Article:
For IT pros, the incessant chatter regarding cloud and distributed environments is nothing new. What we’ve been seeing lately (especially for those who read this blog regularly) is a transition from conceptual, nebulous, marketing driven cloud to cloud in action. Organizations are now ready to make the leap to distributed environments and are expecting their […]
A vendor-sponsored survey conducted by IDG found to nobody’s surprise that a combination of smaller staffs and changing roles is putting increasing pressure on IT. No big shock that.
With consumerization causing changes across the enterprise, it’s no surprise that Microsoft COO Kevin Turner says it’s shifting roles in the C Suite and putting pressure on the CIO to show business value.
Even though a majority of survey respondents think its wrong to take confidential files from the office, 90 percent of them said they do. IT needs to find a way to help them do the right thing.
As disasters of seemingly epic proportions strike with increasing frequency, IT needs to be prepared to stay running and a data center in a box could be up in just a day or two.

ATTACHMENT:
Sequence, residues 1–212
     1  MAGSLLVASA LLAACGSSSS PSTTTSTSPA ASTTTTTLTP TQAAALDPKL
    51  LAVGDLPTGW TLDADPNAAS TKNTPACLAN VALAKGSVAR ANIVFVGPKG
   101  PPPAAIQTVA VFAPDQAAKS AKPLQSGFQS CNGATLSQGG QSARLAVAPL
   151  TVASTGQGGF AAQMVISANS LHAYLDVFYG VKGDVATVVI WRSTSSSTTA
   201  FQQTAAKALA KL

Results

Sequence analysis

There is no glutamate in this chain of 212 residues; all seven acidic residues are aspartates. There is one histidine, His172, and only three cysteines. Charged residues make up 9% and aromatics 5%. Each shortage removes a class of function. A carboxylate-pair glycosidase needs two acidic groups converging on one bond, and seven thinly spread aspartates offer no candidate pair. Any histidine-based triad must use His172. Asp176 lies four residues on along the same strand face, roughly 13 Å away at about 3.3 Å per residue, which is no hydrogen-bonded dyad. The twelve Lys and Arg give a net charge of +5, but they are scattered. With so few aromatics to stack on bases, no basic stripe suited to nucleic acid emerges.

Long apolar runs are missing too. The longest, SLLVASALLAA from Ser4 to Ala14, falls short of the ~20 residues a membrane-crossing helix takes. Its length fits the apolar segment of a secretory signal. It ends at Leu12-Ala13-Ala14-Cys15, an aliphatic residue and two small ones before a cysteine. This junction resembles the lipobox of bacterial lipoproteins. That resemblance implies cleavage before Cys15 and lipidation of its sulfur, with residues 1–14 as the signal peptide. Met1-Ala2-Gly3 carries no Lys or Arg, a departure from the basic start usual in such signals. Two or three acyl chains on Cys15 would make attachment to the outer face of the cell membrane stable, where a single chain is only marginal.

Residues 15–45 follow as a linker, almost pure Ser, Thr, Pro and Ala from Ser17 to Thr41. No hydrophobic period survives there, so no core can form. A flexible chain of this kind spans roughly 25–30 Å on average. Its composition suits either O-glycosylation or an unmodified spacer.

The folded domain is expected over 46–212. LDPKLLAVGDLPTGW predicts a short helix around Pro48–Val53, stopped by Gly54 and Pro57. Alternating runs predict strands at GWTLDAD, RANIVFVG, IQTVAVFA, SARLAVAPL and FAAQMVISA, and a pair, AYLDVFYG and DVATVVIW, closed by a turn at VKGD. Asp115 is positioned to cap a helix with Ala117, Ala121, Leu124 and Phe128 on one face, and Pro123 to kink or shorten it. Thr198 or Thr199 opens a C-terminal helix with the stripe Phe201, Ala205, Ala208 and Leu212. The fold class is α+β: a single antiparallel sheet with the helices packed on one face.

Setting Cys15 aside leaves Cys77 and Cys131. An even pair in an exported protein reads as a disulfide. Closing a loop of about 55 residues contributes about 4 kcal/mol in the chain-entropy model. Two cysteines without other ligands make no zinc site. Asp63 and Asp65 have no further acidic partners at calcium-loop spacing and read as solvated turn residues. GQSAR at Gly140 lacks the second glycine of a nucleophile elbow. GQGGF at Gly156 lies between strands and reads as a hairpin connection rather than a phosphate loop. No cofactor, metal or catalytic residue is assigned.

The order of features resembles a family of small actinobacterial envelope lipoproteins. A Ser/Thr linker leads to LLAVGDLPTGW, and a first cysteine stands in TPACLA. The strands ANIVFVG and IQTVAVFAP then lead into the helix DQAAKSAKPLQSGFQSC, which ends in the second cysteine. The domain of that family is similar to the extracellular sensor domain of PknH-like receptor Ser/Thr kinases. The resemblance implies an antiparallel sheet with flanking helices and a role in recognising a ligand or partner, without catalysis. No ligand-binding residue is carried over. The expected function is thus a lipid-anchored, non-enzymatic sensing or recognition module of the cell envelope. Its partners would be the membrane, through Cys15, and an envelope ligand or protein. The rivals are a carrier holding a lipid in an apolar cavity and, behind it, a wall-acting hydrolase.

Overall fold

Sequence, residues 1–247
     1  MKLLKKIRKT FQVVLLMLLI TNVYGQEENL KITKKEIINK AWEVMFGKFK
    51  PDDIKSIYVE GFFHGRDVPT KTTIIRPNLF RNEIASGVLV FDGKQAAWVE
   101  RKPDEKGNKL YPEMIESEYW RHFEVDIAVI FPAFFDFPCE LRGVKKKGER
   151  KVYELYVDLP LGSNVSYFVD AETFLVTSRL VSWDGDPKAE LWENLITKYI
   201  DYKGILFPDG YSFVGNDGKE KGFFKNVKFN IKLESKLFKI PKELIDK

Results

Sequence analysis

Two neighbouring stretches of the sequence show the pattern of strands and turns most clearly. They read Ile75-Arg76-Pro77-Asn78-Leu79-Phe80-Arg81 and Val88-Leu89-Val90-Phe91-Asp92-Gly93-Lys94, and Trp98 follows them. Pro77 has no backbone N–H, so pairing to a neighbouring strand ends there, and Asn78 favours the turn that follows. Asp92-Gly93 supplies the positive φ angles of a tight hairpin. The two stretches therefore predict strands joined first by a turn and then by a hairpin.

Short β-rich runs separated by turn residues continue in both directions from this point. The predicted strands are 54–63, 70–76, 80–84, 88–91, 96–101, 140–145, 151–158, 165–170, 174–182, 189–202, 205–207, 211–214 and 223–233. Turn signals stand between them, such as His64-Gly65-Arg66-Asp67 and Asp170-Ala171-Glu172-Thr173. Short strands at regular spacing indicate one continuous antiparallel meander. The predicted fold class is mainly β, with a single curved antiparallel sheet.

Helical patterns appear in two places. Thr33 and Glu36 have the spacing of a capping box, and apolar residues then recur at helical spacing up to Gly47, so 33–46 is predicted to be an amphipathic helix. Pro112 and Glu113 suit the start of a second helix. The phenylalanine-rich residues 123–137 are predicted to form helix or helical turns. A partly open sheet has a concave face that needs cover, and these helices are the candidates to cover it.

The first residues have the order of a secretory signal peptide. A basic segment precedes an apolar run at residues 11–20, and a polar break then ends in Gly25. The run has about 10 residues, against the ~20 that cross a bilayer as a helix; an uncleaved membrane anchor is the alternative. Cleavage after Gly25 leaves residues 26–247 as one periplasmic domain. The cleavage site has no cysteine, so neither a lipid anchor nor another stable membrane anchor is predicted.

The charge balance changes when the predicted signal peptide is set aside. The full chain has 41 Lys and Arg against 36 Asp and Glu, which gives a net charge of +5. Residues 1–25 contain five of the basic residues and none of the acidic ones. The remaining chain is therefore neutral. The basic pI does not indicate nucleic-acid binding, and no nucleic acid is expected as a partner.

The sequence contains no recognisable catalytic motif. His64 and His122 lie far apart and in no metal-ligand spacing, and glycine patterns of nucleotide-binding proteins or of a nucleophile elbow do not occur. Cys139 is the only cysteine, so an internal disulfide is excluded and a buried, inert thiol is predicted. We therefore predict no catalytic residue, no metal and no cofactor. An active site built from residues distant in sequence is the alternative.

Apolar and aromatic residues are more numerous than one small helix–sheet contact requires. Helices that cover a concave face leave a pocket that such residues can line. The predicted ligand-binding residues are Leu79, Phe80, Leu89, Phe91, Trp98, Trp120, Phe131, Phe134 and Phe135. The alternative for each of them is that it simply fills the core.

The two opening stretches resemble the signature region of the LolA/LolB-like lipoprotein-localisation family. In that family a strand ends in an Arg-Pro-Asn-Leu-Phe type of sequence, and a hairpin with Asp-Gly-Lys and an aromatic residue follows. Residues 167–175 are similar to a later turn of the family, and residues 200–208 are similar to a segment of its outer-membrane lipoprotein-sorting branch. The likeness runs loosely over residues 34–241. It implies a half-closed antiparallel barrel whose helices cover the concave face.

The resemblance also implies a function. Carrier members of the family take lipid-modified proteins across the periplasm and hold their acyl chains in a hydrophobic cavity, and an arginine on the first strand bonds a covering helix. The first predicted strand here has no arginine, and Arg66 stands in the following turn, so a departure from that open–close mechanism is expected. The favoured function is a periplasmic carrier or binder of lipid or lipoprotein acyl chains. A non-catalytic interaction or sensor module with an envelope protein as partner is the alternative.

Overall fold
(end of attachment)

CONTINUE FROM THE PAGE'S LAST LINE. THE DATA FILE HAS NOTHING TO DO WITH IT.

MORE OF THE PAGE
IT pros may think you want total control, but it would render your systems virtually useless if you had it. A better approach is flexibility with lighter control that lets your users access data wherever they are from virtually any device. The key is finding the right balance.
As more cloud services proliferate in the Enterprise, perhaps it’s time for the cloud vendors to take some responsibility for providing back-end management services for IT.
As the world grows increasingly dangerous, experts believe future war are likely to be fought in cyberspace where hired hackers try to thwart one another in a game of high-stakes technology chess. And militaries are lining up experts today hoping to get a leg up.
Centralized IT works most of the time for the most common problems, but the challenge is dealing with the exceptions and keeping both users and IT productive.
Even as Apple products make there way into the enterprise in increasing numbers, Apple still seems to ignore IT and its needs, leaving it in the words of Network World to adapt or die.